Shadow health secretary Jonathan Ashworth said: "The Conservatives' claim on nurses is frankly deceitful - the sums simply don't add up. First we had Johnson's fake 40 new hospitals, now we have his fake 50,000 extra nurses."
Independent fact-checking organisation Full Fact also pulled the Tory leader up on his claim that his ministers would increase day-to-day government spending by only £3 billion. The figure is small compared to Labour's promised £83 billion increase in spending, paid for by higher taxes on big businesses and the highest 5 per cent of earners.
But Full Fact said, despite Chancellor Sajid Javid promising the "most transparent costings that have ever been published in British electoral history", the Tories had not explained how every pledge in the manifesto would be funded.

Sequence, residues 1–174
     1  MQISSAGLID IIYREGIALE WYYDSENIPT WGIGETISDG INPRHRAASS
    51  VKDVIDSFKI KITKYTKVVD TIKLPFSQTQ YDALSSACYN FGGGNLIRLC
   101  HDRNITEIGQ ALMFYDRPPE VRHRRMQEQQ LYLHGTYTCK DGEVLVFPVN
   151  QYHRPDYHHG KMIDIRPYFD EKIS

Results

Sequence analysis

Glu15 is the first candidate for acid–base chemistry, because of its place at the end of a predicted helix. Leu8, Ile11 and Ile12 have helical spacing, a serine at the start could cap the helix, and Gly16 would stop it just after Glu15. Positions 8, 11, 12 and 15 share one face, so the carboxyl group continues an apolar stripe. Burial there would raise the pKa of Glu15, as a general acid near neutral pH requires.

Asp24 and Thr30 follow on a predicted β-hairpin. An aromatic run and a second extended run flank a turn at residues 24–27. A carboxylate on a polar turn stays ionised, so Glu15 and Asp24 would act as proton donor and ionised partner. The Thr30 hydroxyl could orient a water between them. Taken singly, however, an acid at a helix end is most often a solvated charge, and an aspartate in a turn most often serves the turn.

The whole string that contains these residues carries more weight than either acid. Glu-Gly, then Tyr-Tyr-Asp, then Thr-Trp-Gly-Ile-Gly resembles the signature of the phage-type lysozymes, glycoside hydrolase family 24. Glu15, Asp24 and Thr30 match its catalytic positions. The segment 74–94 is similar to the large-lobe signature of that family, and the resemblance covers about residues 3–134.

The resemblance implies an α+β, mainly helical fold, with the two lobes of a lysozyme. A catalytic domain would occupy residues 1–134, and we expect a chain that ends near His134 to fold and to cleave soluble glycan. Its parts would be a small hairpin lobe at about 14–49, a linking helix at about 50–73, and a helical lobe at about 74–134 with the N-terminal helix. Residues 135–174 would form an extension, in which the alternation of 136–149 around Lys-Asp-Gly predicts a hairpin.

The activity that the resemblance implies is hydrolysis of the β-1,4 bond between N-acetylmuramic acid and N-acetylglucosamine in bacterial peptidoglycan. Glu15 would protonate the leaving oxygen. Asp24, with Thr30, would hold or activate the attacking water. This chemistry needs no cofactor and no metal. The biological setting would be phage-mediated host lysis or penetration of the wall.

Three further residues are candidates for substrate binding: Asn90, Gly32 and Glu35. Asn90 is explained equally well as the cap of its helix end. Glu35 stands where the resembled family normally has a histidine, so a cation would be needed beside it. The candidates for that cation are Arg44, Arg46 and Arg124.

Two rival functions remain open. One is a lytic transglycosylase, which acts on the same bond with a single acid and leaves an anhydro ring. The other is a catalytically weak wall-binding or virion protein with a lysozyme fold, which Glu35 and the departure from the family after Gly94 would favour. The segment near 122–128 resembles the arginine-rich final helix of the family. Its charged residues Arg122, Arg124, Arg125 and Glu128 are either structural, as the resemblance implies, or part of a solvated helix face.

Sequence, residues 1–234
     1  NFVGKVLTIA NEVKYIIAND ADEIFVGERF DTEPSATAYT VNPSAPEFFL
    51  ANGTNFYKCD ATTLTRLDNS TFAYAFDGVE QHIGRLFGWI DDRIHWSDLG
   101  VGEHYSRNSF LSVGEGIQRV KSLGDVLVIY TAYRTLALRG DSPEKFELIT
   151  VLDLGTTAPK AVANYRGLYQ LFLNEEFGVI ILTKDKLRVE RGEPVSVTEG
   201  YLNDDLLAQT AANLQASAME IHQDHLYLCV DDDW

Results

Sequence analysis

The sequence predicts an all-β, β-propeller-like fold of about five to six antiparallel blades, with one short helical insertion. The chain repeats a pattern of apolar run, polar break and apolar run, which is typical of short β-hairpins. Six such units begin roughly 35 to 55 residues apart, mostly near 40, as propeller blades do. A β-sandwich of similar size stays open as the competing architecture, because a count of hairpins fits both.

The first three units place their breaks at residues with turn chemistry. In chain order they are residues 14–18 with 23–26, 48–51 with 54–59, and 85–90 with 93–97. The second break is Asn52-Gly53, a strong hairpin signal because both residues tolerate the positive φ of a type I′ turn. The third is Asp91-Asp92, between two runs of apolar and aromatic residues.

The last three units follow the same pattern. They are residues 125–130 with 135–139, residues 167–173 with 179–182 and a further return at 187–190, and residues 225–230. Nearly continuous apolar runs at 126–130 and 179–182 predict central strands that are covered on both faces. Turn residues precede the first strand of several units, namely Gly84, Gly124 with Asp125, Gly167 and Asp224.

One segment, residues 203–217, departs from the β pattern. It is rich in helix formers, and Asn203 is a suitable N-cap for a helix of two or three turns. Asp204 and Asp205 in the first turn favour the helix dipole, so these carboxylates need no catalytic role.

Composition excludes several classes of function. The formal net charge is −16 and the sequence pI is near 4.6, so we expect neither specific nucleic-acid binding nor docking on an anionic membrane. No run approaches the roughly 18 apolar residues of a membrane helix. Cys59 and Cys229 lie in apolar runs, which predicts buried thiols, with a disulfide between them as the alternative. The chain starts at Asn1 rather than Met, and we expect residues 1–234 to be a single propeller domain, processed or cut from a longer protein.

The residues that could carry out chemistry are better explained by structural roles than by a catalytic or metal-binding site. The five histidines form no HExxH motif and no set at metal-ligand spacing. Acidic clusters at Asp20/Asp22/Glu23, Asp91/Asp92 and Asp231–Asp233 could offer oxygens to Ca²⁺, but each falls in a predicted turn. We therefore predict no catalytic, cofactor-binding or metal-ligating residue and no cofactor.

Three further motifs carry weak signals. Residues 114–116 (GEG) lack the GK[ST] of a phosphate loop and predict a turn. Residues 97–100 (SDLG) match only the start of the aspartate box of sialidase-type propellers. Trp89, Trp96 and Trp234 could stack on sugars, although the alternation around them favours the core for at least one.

"While the Conservatives plan to increase annual current spending by £3 billion compared to what's already been announced, the Conservatives plan to spend a lot more than £3 billion extra per year than we spend today," said a Full Fact spokesman.
'For every extra £1 the Tories spend running the government, Labour are planning to spend £28'On today's #CampaignCheck @EdConwaySky looks at how the spending plans in the #Conservativemanifesto match up against the other parties.#GE19Read more here: https://t.co/8tY4384DaM pic.twitter.com/X1WKQcZMV8
— Sky News (@SkyNews) November 24, 2019
"For example, the Conservative manifesto spending list omits its headline pledges on school funding, the NHS, and (creating 20,000 more) police officers."